Seen from our perspective the role of the Domain was to explain the nature of the world and engender social order under the rule of law. These could stand as objectives for the modern landscape profession. We need to (1) Design with Nature, as McHarg so brilliantly phrased it (2) satisfy the Vitruvian objectives of creating outdoor space with 'Commodity, Firmness and Delight' (3) create specific outdoor space types which promote social harmony (family gardens, community space, city squares, greenways, safe streets, cycleways, processional routes).
The Domain of Amun could be destroyed by thoughtless development of modern buildings and infrastructure projects. See also.
Maintenance of the Domain ceased in Roman times. The trees died. The temples decayed. The palaces were washed away. Annual deposits of sediment buried the avenues. In recent times, more has been lost to urbanization. Views and lines of sight are being obstructed and polluted.
Excavations have proceeded since 1800. Most of the temples have been uncovered and some processional routes (avenues) have been, and are being, restored.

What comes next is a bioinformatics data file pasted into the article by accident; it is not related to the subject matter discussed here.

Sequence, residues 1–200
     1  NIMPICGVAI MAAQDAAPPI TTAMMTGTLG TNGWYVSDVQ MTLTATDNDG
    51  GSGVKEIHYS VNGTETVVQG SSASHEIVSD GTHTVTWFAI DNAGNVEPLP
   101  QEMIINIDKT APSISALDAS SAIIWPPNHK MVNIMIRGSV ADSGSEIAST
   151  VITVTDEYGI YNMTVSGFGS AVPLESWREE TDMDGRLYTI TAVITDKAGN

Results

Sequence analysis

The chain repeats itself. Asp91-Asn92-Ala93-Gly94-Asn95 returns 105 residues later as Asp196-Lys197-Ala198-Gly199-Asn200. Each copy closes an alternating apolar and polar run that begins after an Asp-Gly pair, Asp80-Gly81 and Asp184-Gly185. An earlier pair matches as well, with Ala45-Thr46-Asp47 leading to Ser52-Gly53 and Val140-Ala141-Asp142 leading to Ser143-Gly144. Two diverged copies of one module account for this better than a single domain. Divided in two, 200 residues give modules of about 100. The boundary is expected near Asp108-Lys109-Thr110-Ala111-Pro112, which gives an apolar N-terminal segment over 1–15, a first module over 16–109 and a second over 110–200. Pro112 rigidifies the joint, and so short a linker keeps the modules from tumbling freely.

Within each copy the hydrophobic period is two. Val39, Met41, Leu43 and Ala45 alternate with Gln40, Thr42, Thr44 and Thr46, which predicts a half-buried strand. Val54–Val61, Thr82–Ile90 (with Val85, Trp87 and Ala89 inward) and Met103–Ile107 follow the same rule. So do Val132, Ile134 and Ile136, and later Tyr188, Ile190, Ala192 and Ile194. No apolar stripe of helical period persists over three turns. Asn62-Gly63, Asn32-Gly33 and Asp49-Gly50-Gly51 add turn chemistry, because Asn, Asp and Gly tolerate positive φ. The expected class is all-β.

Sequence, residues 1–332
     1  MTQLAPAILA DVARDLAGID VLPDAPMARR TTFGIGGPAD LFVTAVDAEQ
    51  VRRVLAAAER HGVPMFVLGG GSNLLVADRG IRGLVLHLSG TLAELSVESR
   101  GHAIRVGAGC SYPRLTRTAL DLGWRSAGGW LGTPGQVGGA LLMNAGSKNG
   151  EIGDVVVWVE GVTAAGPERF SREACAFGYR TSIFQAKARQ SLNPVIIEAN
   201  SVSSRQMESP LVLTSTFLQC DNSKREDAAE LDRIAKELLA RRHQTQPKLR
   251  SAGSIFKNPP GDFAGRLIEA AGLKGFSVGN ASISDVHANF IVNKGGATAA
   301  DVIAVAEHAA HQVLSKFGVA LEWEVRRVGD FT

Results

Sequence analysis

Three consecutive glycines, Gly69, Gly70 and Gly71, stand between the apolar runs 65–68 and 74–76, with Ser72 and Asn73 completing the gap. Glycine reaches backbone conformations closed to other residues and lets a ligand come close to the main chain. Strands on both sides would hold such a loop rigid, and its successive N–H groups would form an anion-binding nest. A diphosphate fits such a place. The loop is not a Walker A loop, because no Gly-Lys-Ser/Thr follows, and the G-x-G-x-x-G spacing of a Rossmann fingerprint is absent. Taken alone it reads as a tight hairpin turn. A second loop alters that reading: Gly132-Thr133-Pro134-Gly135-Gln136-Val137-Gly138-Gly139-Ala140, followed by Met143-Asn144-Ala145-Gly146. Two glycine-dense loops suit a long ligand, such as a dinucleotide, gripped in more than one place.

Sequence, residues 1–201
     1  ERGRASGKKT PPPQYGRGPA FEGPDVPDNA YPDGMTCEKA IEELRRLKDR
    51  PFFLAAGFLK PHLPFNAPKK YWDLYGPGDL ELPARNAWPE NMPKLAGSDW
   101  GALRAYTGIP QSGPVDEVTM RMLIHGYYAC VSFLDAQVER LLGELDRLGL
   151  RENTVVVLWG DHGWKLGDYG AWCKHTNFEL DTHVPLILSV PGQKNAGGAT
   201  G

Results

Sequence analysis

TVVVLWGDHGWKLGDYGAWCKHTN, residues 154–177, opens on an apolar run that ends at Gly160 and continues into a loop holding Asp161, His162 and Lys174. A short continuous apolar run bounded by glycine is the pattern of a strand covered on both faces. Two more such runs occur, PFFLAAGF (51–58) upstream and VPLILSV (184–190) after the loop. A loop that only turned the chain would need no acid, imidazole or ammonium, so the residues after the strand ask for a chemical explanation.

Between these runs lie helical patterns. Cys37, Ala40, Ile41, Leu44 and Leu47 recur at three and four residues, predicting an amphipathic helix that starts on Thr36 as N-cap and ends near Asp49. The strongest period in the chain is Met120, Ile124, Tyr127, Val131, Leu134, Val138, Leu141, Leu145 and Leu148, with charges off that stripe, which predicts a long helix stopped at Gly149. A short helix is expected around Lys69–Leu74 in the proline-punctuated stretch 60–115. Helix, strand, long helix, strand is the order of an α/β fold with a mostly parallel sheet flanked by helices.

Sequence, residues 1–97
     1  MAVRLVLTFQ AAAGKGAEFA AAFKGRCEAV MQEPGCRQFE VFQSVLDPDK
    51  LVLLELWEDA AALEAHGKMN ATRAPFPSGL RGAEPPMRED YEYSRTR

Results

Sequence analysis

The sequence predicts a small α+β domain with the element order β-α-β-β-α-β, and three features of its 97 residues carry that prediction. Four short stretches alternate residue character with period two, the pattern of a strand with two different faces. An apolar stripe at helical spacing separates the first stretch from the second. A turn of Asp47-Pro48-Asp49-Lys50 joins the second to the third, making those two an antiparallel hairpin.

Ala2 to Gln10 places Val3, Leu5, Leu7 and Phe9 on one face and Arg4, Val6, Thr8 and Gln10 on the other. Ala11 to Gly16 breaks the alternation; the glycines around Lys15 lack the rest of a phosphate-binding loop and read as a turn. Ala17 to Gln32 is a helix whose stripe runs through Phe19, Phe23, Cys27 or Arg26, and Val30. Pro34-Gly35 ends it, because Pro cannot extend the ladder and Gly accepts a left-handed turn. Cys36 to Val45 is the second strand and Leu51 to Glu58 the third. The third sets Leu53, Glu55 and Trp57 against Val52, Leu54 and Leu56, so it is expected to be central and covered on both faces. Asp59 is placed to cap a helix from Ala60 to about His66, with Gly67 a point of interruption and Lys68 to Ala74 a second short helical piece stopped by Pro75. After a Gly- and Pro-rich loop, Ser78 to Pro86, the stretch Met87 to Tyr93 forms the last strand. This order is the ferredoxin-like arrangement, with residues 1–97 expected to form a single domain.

The word ‘domain’ comes, via French, from the Latin word dominus (lord, master, ruler). For the lands of Amun, it seems a better choice than the word ‘estate’ which derives, again via French, from the Latin word status (standing, position, state). Sennefer’s titles included Mayor of Thebes, Chancellor to Amenhotep II, Overseer of the Granaries of Amun, Overseer of the Fields of Amun, High Priest of Amun in Menisut and Overseer of Amun's Gardens. He was, in modern English Overseer of the Domain of Amun. Senenmut was also described as Overseer of the Domain of Amun.
If you believe that special conservation and restoration measures should be established to protect the landscape architecture of the Domain of Amun, please write to the Director of the Supreme Council of Antiquities in Cairo. At present the Council is more concerned with art and building than with landscape architecture. But experience in over-developed countries (eg Britain) shows that outdoor space (eg gardens) attracts more visitors than indoor space. There is an urgent need, and a great commercial opportunity, for a full-scale re-creation of an Ancient Egyptian Garden in Luxor. It could be based on the fabulous plan of Sennufer's Garden and the project could be undertaken by one of the luxury hotels.